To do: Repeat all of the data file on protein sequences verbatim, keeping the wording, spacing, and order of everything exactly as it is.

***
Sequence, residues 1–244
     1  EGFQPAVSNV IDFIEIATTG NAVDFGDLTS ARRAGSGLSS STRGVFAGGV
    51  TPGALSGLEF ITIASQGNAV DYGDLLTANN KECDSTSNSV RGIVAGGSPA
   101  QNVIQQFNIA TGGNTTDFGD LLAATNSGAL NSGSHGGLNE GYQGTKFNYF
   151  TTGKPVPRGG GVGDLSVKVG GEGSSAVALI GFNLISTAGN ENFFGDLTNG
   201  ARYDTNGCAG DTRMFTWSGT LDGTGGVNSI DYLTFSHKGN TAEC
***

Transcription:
Sequence, residues 1–244
     1  EGFQPAVSNV IDFIEIATTG NAVDFGDLTS ARRAGSGLSS STRGVFAGGV
    51  TPGALSGLEF ITIASQGNAV DYGDLLTANN KECDSTSNSV RGIVAGGSPA
   101  QNVIQQFNIA TGGNTTDFGD LLAATNSGAL NSGSHGGLNE GYQGTKFNYF
   151  TTGKPVPRGG GVGDLSVKVG GEGSSAVALI GFNLISTAGN ENFFGDLTNG
   201  ARYDTNGCAG DTRMFTWSGT LDGTGGVNSI DYLTFSHKGN TAEC